Arnold Kling  

Zingales Joins the Swamp

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Yesterday, in Squam Lake or Swamp, I noted that four economists on the faculty at the University of Chicago signed on to a report on financial reform that treats this as a Keynesian moment and ignores Hayekian issues. Today, thanks to a pointer from Mark Thoma, I find that Luigi Zingales writes,


There are few areas in which government intervention is known to create value: reducing the devastating effects of a bank run is one. Only a government that is sufficiently powerful, in terms of legal authority and solvency, can do so. Unfortunately, in the international arena these two conditions are almost never met. Empowering the IMF to take over failed international banks would fill this gap - and chase away our worst nightmare.

Large banks have subsidiaries in many countries. This makes it hard to resolve the failures of these institutions--whose bankruptcy law applies? Hence, Zingales is drawn to a world-government solution.

I cannot imagine a more horrifying idea. Even if you think that the IMF truly would do the best job of resolving international bank failures, does anyone believe that there would be no further expansion of world-government power once this precedent has been set?

From my point of view, it would be preferable to require U.S. banks to divest all foreign subsidiaries unless they can obtain written understandings that resolution of those subsidiaries will be under the jurisdiction of the U.S. legal system.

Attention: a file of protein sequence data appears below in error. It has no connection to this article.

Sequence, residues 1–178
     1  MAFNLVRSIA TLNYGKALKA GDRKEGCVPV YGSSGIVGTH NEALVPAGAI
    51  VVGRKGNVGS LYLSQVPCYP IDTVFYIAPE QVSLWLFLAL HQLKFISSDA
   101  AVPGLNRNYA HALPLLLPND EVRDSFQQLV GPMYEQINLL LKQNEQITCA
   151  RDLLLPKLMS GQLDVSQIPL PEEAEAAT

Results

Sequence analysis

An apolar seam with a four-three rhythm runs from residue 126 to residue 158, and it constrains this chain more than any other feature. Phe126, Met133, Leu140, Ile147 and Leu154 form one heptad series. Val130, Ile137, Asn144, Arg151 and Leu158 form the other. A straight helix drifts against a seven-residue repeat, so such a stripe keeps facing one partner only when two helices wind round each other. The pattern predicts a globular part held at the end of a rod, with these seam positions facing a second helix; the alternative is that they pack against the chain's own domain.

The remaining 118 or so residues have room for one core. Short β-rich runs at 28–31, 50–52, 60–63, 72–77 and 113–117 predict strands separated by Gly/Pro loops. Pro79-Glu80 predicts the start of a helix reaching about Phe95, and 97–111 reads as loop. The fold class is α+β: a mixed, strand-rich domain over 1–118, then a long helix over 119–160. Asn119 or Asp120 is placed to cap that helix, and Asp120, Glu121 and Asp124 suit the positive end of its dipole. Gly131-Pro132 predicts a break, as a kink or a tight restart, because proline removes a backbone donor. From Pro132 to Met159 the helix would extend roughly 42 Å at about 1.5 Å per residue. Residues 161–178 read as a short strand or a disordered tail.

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COMMENTS (3 to date)
fundamentalist writes:

Zingales: "There are few areas in which government intervention is known to create value: reducing the devastating effects of a bank run is one."

Zingales is simply wrong. The state does not reduce the devastation at all. It merely spreads it out over more people. Instead of the individuals involved in the bank (depositors, owners, employees, etc.) suffering, all tax payers suffer. Zingales is guilty of looking at the immediate effects and not the total effect, the short run vs the long run.

This is TRULY horrifying. What has Chicago wrought? I guess it died with Friedman. R.I.P.

david writes:

Psst. None of this is new; this is the sort of thing you explain in EC101, about the role of the central bank as lender of last resort. And, equivalently, the IMF's failure to do the same.

It's very mainstream and very, uh, Chicago, since the non-Chicago alternative is to limit capital mobility and international finance to begin with.

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